Some were buried by villagers, a shallow burial. Andrei Danilyuk found two dead Russian soldiers in his field while returning home after fleeing the worst of the shelling. He was told there would be a delay before they could be picked up.

“The corpses had been there for a few days, animals had started feeding on them, and in this hot weather I was worried about diseases,” says Mr Danilyuk.

“The same bombing that killed the soldiers also killed some of my cattle. We threw them all into the same grave, the Russians and the cattle, what else should we do?”

In parts of the village, the stench of death rises from the rubble.

Vasiliya Kirilev knows that something or someone is under her former kitchen, but does not know who or what. “I’m just grateful that I know it’s not a member of our family, we were able to escape during the occupation,” she says.

Ms Kirilev, 55, and her husband Nicolai, 62, are having to rebuild the house they have lived in for 30 years. Meanwhile, they sleep in a shed in their garden that previously housed goats, ducks, and chickens.

Vasilia Kirilev points to the remains of her house in Vilkhivka near Kharkiv

(Demian Schewko)

The Ukrainian military conducts searches for mines and duds. “We started planting the fields, starting with parsley, onions and spring barley, but only up to this point,” says Ms. Kirilev, pointing to the fields. “After that there are duds and we should stay away, they say.”

But the problems faced now need to be put into context by comparing them to what happened before, stresses Ms Kirlilev.

“Girls, women were afraid to go out, we know about rape. The families who suffered have now walked away. Then they started busing people to Russia, some ended up in Siberia, we heard,” she says.

“There was a man, a former soldier who had served in Afghanistan [Soviet] Army. He was in his late 50s, the DNR soldiers wanted him to join them. He refused and was taken away by bus. In the afternoon when that happened, we got together with another family and left that place in a car.”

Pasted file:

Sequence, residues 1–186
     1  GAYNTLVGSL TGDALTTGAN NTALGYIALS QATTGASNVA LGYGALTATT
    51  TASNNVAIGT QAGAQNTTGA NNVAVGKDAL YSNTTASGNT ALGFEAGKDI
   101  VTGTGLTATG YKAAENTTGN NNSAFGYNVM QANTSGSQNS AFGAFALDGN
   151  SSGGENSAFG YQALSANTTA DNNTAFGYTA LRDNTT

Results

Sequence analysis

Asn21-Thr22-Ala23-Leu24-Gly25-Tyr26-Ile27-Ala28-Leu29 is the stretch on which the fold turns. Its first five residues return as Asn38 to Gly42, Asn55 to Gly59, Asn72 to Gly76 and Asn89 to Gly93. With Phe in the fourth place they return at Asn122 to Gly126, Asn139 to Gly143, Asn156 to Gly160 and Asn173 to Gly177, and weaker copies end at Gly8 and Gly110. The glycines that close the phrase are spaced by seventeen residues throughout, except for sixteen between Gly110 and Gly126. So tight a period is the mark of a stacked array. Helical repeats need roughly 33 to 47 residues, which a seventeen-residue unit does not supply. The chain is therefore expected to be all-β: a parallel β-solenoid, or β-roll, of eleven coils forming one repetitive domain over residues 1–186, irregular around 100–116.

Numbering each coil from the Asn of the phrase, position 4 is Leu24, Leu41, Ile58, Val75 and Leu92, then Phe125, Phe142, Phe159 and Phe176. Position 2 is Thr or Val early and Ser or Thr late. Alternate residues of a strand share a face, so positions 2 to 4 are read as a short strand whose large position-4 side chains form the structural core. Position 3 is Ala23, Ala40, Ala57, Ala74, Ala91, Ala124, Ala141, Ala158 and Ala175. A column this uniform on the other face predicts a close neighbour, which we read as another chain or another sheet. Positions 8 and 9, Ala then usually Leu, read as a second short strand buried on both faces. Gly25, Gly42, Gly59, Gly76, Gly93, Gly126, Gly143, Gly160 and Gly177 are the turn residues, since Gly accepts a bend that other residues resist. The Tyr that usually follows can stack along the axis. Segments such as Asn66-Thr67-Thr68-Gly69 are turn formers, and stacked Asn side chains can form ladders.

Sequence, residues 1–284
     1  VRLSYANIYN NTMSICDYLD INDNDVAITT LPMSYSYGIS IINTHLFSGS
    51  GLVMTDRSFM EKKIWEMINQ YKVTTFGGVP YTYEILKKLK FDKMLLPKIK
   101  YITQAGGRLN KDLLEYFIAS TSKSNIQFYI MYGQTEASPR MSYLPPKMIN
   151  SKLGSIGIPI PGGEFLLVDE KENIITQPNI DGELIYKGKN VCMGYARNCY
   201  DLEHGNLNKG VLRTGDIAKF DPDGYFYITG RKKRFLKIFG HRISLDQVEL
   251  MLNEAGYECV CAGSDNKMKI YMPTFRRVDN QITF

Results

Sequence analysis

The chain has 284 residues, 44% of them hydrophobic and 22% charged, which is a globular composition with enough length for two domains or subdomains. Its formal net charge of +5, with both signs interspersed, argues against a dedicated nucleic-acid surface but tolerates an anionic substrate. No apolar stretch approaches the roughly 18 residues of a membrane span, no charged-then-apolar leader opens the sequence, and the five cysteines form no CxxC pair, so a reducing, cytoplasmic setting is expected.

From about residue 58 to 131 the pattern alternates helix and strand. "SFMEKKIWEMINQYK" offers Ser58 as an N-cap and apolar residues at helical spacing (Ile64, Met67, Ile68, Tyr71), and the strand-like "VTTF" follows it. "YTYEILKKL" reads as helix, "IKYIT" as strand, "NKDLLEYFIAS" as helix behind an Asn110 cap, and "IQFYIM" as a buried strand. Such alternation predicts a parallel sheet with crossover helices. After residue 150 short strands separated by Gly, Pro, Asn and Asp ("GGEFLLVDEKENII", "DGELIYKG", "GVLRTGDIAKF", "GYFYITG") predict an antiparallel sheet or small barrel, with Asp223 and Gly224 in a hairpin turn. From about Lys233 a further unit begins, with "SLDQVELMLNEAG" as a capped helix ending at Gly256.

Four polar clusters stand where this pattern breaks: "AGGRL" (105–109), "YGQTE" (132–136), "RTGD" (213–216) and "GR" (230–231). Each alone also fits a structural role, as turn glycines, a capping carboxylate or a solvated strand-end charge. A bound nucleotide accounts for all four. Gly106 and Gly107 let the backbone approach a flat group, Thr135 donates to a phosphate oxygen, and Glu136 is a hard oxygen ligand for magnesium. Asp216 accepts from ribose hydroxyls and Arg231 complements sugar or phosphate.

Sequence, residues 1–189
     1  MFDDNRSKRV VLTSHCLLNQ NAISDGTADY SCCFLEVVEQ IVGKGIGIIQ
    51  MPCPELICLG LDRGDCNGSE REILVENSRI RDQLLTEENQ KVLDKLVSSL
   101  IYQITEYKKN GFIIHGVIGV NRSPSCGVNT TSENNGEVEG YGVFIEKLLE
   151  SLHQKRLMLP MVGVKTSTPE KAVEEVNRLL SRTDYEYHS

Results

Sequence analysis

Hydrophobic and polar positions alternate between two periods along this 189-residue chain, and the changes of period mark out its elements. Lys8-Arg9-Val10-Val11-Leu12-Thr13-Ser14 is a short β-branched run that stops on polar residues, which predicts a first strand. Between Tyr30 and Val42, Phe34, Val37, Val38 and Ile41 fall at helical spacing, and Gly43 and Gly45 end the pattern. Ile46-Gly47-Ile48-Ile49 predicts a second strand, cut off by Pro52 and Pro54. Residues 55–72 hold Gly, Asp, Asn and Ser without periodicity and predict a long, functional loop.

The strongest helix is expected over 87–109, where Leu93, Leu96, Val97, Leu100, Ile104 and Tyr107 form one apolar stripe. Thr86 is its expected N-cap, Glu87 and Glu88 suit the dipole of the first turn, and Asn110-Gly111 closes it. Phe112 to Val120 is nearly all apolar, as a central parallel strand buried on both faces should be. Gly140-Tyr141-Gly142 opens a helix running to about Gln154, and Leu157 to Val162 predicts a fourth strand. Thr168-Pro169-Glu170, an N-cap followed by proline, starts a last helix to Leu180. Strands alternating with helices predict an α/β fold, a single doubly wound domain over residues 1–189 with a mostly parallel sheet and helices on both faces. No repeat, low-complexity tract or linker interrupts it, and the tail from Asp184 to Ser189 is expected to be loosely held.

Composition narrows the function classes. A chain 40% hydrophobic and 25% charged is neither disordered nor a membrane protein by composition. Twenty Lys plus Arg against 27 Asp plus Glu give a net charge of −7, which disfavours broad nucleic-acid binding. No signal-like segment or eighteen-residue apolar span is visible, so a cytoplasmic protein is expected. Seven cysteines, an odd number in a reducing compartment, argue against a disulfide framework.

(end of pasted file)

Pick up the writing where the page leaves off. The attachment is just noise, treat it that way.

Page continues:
Vasilia Kirilev and her husband will live in their animal pen until they can rebuild their house in Vilkivka, which was destroyed by the Russians

(Demian Schewko)

The couple moved to the city of Poltava, taking with them only the bare essentials. “Our village was very beautiful, we had water, electricity, good internet, we had enough to eat, we had a good life,” says Mr. Kirilev. “Then we became refugees and now we have no house, no water, no electricity and have to live with our animals. That’s what this war meant for us.”

Asked whether shelling and rocket attacks on civilian areas should be prosecuted as war crimes, Ms Kirilev replied: “We know that people are responsible and of course there should be justice. I don’t know what will happen, will they stay in prison or be exchanged for our soldiers that the Russians have, who knows?”

Yuri Petrenko mourns Lubov Novikova’s death and the two young men killed at her funeral.

“What happened was terrible,” he says. “We should be thankful that more people weren’t killed. I can understand why people’s punishment is called for, but will these trials bring people back to life? No.” Death lingers in a village liberated by Russian forces

Bobby Allyn